Slow Cooker Red Lentil Stew with Butternut Squash

A hearty vegetarian slow cooker stew with butternut squash, red lentils, coconut milk and a robust blend of spices. This stew is the perfect way to warm up on a cold day. Vegan + gluten-free.

It’s the perfect time of year for this cozy stew. It feels like spring should be right around the corner, but my guess is that half of the U.S. is still covered in snow and doesn’t feel like spring is anywhere near. So for those of you battling cold temps and wanting a simple dinner that will warm you up from the inside out, this stew is for you.

Bowl of slow cooker butternut squash and red lentil stew, topped with cilantro and green onions.

This veggie-packed stew is inspired by my Butternut Squash and Turkey Chili, which is cooked in the Instant Pot. I LOVE this chili so much, but recently wanted to try a completely vegetarian version with extra red lentils and this was the result. It’s so warm, comforting and amazing filling for a vegetarian meal. I love the combo of red lentils with butternut squash, and the unique combo of spices in this soup make it so delicious. I can’t wait for you to try it!

I know cooking lentils can be a little intimidating, but this method could not be simpler. I’ll answer some FAQs below, but don’t hesitate to leave a comment if you have any additional questions!

Vegetarian Slow Cooker Stew with Butternut Squash and Red Lentils in a slow cooker with a wooden spoon.

Can you put dried lentils in a slow cooker?

Yes! You can put dried, uncooked lentils in a slow cooker with liquid and they will cook through. For this recipe, you’ll put all of your ingredients for the stew in the slow cooker and it’ll work its magic.

Do you have to soak lentils before slow cooking?

Nope! Lentils are the one of the only dry beans that you don’t need to soak before cooking. You can soak them if you want to speed up the cooking process, but it’s not necessary. On thing to note: You should always rinse your lentils before cooking just to clean them off and remove any stones, debris or shriveled lentils. Once rinsed and sorted, drain and use as directed in the recipe.

Can you overcook lentils?

Yes, you can overcook lentils – they’ll end up getting super soft and mushy. Follow the directions in this recipe to make sure you don’t end up with mushy lentils from overcooking.

How to make Vegetarian Slow Cooker Stew

The ingredient list for this recipe might look long and intimidating, but almost half of the ingredients are spices you probably already have in your spice cabinet, so don’t stress!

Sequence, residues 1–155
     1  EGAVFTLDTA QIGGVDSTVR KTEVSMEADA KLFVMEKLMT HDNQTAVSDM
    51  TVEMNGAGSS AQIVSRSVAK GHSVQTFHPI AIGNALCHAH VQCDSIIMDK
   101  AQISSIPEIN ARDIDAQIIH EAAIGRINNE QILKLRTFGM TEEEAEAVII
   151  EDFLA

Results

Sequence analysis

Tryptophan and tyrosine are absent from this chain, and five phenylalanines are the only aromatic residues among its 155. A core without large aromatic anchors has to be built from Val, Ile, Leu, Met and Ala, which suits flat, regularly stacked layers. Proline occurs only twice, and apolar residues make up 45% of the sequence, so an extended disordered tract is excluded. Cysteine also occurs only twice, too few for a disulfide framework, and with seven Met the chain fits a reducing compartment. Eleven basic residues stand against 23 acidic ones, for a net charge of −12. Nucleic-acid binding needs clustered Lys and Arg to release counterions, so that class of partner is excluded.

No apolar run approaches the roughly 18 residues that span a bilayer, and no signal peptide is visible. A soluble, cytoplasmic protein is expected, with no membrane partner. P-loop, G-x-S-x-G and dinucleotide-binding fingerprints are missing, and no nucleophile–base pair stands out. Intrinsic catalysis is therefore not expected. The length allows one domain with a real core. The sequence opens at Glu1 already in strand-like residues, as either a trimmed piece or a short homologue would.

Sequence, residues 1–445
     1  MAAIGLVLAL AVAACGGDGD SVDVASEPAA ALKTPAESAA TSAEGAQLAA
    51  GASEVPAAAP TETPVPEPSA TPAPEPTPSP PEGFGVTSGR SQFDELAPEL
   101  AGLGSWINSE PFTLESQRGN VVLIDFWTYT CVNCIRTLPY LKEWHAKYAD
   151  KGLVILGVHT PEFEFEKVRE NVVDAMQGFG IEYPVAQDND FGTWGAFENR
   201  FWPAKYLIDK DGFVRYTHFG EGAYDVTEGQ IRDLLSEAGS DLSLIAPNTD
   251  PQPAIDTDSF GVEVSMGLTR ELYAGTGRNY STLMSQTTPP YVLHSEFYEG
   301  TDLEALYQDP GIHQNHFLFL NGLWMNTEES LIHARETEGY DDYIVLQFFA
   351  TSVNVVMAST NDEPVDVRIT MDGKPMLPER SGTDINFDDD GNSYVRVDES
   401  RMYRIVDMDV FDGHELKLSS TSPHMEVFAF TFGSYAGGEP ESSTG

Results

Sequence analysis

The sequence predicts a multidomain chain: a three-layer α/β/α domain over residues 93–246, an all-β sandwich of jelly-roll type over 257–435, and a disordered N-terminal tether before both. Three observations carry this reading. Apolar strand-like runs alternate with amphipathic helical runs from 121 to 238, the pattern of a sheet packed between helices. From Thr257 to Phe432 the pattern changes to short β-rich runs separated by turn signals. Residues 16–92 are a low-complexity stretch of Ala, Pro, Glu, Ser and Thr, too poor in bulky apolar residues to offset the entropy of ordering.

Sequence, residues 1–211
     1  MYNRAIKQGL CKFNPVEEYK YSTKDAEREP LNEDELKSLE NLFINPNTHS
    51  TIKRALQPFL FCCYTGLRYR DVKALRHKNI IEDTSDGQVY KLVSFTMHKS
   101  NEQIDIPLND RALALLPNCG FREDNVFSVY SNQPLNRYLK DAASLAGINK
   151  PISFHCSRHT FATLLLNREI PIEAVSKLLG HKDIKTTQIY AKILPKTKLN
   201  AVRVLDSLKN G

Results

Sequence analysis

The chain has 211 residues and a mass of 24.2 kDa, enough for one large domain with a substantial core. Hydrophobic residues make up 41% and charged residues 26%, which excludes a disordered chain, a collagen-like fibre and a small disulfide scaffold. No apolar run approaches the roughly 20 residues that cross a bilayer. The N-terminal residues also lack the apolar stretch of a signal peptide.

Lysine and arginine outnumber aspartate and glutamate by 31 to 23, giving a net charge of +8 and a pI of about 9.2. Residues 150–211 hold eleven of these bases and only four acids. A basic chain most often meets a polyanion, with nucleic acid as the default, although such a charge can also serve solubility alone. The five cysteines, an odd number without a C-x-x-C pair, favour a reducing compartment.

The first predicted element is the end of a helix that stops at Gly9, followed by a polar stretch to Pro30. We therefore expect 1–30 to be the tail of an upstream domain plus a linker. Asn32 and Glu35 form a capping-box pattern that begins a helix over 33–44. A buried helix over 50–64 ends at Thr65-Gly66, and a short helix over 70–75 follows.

Start by sautéing the chopped onion and garlic in a saucepan (or your slow cooker if it’s stovetop safe!) and add in the spices. I love seasoning multiple layers of a dish – it makes for awesome flavor!

Next, add your sautéed onion and garlic to the slow cooker along with the butternut squash, broth, tomatoes, coconut milk, lentils, tomato paste, and apple cider vinegar. Cover and cook on high for 3 hours or on low for 6. You’ll know it’s ready when the lentils and butternut squash are soft and cooked through. Feel free to taste test to make sure.

Once the stew is cooked through, you’ll stir in your spinach (if using) and let it sit for a couple of minutes so the greens get a little wilted. Then it’s ready to serve! Enjoy on its own or serve over brown rice or quinoa if you’d like.

Bowl of slow cooker butternut squash and red lentil stew, topped with cilantro and green onions.

If you make this butternut squash and red lentil stew, please be sure to leave a comment and star rating below letting me know how it turns out. Your feedback is so helpful for the EBF team and other EBF readers.

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Butternut Squash and Red Lentil Stew


  • Author: Brittany Mullins
  • Prep Time: 10 minutes
  • Cook Time: 3 hours
  • Total Time: 3 hours 10 minutes
  • Yield: 6

Description

A hearty vegetarian slow cooker stew with butternut squash, red lentils, coconut milk and a robust blend of spices. This stew is the perfect way to warm up on a cold day. Vegan + gluten-free. 


Ingredients

  • 1/2 Tablespoon olive oil
  • 1 medium onion, diced
  • 4 large garlic cloves, minced
  • 2 teaspoons ground turmeric
  • 1 teaspoon ground cumin
  • 1 teaspoon chili powder
  • 1/4 teaspoon cayenne pepper
  • 1/4 teaspoon cinnamon
  • 1 teaspoon sea salt
  • 1/2 teaspoon ground black pepper, to taste
  • 1 medium butternut squash, peeled, seeded and chopped (about 5 cups)
  • 4 cups low-sodium vegetable broth
  • 114 oz can diced tomatoes
  • 114 oz can light coconut milk
  • 1 cup dried red lentils, rinsed
  • 3 tablespoons tomato paste
  • 23 teaspoons apple cider vinegar
  • 12 cups chopped spinach (optional)
  • chopped cilantro and sliced green onions, for garnish
  • cooked brown rice or quinoa (optional)

Instructions

Slow Cooker:

  1. Add oil to a sauce pan or the base of your slow cooker (if it’s stove-top safe) and sauté onion and garlic for 3-5 minutes. Add spices (turmeric, cumin, chili powder, cayenne pepper, cinnamon, sea salt and pepper) and cook for an additional minute.